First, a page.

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Tip Pooling under the FLSA

Next time you go to an Atlanta sushi or other nice restaurant, notice the side conversations among the staff. Much of the time, it concentrates on tips, taxes, and other paperwork that most restaurant workers know little or nothing about.

If you work for tips, one of the more disliked conventions in the hospitality business is the practice of tip pooling, where the wait staff makes the tips and then is mandated to share them with the host staff, bus staff, etc. This is different from the wait staff voluntarily giving a percentage of tips to their co-workers, and has tax and other implications. This practice has its own set of rules for both employers and employees, and is easily abused by employers looking to save a few bucks here and there.

One recent interesting DOL opinion letter focused on a set of cooks in a Japanese restaurant, who really don’t seem to immediately fall into one of the DOL’s allowable mandatory tip pooling categories.

Tip pooling is only allowed under the FLSA for certain occupations. According to the DOL, the following occupations have been recognized as falling within the eligible category for tip pooling: waiters and waitresses, bellhops, counter personnel who serve customers, busboys/girls, and service bartenders.

Tipped employees may not be required to share their tips with employees in occupations which have not customarily and regularly participated in tip pooling arrangements, such as janitors, dishwashers, chefs or cooks, and laundry room attendants.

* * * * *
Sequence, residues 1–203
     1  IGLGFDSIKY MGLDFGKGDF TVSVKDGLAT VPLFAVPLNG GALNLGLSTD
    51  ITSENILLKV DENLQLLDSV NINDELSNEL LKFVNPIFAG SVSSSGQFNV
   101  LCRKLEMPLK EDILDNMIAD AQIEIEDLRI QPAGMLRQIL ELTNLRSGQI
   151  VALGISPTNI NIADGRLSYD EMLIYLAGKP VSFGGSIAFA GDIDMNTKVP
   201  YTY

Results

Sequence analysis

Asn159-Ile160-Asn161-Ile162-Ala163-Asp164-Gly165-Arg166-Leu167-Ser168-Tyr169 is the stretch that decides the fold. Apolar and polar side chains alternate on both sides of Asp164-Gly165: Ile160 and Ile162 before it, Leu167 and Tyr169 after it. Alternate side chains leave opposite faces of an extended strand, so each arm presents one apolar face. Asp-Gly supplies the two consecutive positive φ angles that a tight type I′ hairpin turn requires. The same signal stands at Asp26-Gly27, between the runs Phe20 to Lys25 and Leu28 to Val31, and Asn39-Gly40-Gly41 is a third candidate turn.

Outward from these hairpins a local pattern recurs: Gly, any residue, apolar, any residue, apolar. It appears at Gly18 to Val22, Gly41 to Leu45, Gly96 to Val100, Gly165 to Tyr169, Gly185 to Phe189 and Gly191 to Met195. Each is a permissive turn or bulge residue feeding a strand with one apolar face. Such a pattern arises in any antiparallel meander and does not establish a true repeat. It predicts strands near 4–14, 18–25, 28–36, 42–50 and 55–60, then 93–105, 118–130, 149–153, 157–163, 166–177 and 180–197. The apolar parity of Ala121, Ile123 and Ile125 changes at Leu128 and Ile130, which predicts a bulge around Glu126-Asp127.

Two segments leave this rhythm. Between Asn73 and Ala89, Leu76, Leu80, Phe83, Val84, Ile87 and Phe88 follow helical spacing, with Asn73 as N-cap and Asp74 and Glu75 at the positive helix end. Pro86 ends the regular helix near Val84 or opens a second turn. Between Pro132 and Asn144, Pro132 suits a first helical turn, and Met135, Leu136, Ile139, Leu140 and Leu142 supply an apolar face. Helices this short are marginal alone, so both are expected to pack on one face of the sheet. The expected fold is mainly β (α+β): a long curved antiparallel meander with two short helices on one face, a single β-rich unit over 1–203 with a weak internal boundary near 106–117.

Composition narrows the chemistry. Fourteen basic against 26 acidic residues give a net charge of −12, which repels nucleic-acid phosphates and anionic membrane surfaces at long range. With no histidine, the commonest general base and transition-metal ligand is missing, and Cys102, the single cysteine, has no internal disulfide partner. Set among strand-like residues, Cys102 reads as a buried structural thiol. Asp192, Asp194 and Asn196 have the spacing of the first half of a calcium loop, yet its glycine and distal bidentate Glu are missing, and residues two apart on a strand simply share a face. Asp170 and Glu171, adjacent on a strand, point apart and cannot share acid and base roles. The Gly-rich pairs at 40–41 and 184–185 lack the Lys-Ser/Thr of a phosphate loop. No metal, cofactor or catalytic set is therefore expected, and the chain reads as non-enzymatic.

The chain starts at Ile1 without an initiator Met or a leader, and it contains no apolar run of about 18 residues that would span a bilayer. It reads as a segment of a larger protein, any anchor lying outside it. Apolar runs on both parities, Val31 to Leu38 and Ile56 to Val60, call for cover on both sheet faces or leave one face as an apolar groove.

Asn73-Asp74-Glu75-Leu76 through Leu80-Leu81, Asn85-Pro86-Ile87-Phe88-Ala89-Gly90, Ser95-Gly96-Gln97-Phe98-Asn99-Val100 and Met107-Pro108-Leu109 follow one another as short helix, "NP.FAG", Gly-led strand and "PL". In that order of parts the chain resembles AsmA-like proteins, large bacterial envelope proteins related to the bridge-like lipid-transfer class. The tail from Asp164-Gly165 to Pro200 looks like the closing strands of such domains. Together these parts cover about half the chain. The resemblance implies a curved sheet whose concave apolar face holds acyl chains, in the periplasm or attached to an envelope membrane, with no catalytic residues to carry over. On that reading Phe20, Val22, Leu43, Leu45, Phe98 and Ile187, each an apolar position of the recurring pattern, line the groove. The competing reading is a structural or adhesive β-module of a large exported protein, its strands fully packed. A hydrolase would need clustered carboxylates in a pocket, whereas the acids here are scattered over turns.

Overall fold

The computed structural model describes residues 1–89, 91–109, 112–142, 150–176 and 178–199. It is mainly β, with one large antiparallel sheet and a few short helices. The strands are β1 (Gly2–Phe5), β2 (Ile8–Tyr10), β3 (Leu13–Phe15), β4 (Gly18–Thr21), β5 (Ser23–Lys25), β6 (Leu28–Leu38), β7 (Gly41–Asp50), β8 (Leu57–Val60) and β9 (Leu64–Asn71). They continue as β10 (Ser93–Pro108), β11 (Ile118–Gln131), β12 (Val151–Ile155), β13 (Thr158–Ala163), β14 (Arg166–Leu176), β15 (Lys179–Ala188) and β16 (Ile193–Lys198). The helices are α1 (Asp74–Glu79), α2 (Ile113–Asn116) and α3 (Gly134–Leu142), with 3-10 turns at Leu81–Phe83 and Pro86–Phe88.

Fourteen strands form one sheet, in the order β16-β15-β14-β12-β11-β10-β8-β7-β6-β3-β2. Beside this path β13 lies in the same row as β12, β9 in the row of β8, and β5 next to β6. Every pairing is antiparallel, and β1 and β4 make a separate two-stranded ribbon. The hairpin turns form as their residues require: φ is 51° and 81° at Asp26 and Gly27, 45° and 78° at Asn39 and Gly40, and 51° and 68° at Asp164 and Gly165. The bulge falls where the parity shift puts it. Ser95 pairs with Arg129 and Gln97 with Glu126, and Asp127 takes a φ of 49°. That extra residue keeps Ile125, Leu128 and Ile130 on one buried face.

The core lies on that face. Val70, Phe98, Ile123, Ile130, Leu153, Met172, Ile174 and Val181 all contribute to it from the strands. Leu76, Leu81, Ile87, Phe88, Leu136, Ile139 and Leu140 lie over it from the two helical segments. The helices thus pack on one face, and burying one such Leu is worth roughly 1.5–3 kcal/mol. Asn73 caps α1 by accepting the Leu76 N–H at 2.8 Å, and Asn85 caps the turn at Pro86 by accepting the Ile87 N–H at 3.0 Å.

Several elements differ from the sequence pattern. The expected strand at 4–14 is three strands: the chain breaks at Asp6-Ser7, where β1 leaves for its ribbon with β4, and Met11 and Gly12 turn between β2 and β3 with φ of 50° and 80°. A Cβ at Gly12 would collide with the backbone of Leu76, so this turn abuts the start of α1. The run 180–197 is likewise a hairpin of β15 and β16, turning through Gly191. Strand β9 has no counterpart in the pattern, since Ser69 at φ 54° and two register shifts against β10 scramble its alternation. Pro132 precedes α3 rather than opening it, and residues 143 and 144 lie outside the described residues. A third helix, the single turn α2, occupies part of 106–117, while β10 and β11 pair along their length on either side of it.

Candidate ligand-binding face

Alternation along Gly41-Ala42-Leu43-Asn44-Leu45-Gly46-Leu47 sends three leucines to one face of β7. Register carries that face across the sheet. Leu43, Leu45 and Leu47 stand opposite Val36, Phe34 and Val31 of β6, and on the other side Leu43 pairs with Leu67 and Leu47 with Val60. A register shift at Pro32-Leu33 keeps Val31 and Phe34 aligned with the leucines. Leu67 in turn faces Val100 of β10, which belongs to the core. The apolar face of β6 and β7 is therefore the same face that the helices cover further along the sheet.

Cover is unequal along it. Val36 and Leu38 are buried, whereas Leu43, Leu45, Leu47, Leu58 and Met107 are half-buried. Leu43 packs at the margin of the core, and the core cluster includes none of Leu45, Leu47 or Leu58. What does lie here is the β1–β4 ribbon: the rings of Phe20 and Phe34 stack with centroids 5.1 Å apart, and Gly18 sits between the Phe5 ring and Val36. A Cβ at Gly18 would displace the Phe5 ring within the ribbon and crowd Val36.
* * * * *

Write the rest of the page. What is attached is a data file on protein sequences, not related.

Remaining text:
So where do sushi and those table chefs at a Japanese steakhouse fit into that?

The opinion letter concludes with the notion that these chefs should participate in tip pooling, for a number of reasons. They earned more than $30 per month in tips themselves; they heavily interact with customers; and the servers acted more as assistants to the chefs than the other way around.

Although there is no particular specific test, the DOL seems to historically allow tip pooling for occupations which may not be on the list, but which, in practice, actually have more customer contact than that position traditionally has. Based on that, it would look like each restaurant almost has to be evaluated separately to see how tips are being allocated.

Getting tips wrong can cost the employer and the employee big hassles in taxes and other paperwork nightmares, and can simply drive restaurant staff to distraction. If you have any questions about how tips are handled in your place of employment, you would do well to contact an employment attorney.

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